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A simple model is constructed using C# in order to to capture key features of market dynamics, while also producing reasonable results for the individual insurers. A replication of Taylor’s model is also constructed in order to compare results with the new premium setting mechanism. To enable the comparison of the two premium mechanisms, the rest of the model set-up is maintained as in the Taylor model. As in the Taylor example, homogeneous customers represented as a total market exposure which is allocated amongst the insurers.
In each time period, the model undergoes the following steps:
1. Insurers set competitive premiums per exposure unit
2. Losses are generated based on each insurer’s share of the market exposure
3. Accounting results are calculated for each insurer
This is a simulation of an insurance market where the premium moves according to the balance between supply and demand. In this model, insurers set their supply with the aim of maximising their expected utility gain while operating under imperfect information about both customer demand and underlying risk distributions.
There are seven types of insurer strategies. One type follows a rational strategy within the bounds of imperfect information. The other six types also seek to maximise their utility gain, but base their market expectations on a chartist strategy. Under this strategy, market premium is extrapolated from trends based on past insurance prices. This is subdivided according to whether the insurer is trend following or a contrarian (counter-trend), and further depending on whether the trend is estimated from short-term, medium-term, or long-term data.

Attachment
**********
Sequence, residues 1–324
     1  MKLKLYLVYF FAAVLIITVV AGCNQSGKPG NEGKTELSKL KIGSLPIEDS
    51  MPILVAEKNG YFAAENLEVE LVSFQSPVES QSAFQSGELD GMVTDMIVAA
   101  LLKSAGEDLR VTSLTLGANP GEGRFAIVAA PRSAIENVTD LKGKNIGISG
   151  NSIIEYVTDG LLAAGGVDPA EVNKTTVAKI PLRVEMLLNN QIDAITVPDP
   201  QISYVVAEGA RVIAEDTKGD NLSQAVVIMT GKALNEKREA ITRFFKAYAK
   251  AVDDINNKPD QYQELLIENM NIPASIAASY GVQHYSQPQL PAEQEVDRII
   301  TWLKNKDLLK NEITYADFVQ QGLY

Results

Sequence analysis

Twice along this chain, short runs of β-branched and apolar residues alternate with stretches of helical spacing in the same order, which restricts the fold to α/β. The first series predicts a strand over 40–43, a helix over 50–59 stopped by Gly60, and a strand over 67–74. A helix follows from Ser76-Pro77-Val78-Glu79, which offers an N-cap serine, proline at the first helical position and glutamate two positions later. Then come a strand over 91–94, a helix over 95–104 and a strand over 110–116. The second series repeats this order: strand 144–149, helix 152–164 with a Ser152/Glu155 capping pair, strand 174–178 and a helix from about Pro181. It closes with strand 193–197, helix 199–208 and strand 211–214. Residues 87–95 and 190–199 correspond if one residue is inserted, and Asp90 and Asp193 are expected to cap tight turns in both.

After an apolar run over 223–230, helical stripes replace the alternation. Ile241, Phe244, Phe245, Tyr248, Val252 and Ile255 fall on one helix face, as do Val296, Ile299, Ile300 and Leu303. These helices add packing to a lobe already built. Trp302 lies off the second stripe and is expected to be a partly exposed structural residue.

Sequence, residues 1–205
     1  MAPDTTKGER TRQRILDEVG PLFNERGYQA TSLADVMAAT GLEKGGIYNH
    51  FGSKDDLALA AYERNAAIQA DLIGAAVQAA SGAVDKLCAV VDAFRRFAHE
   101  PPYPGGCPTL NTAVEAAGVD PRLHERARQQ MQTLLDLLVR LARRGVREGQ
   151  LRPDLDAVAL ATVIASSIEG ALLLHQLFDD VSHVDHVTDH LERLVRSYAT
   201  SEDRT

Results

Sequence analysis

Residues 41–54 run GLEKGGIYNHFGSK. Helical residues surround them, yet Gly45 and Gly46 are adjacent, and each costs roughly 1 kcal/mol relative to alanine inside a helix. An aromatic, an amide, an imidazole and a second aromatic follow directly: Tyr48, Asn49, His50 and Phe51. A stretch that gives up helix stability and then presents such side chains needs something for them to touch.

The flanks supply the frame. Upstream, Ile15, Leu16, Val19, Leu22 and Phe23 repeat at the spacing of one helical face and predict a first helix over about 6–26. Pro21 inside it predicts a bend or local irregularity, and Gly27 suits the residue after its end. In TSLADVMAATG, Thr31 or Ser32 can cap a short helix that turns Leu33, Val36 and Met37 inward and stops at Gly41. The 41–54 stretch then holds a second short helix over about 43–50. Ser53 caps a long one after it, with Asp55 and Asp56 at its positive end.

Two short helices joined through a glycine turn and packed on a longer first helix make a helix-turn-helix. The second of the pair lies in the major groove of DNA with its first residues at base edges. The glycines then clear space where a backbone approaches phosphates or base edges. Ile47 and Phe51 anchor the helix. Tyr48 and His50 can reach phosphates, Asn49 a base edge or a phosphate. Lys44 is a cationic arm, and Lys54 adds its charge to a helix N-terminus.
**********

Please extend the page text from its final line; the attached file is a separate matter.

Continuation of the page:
Customers are modelled as a whole and allocated between insurers according to available supply. Customer demand is calculated according to a logit choice model based on the expected utility gain of purchasing insurance for an average customer versus the expected utility gain of non-purchase.
This is an agent-based model of a simple insurance market with two types of agents: customers and insurers. Insurers set premium quotes for each customer according to an estimation of their underlying risk based on past claims data. Customers either renew existing contracts or else select the cheapest quote from a subset of insurers. Insurers then estimate their resulting capital requirement based on a 99.5% VaR of their aggregate loss distributions. These estimates demonstrate an under-estimation bias due to the winner’s curse effect.
This is an agent-based model with two types of agents: customers and insurers. Insurers are price-takers who choose how much to spend on their service quality, and customers evaluate insurers based on premium, brand preference, and their perceived service quality. Customers are also connected in a small-world network and may share their opinions with their network.
The ABM contains two types of agents: insurers and customers. These act within the environment of a motor insurance market. At each simulation, the model undergoes the following steps: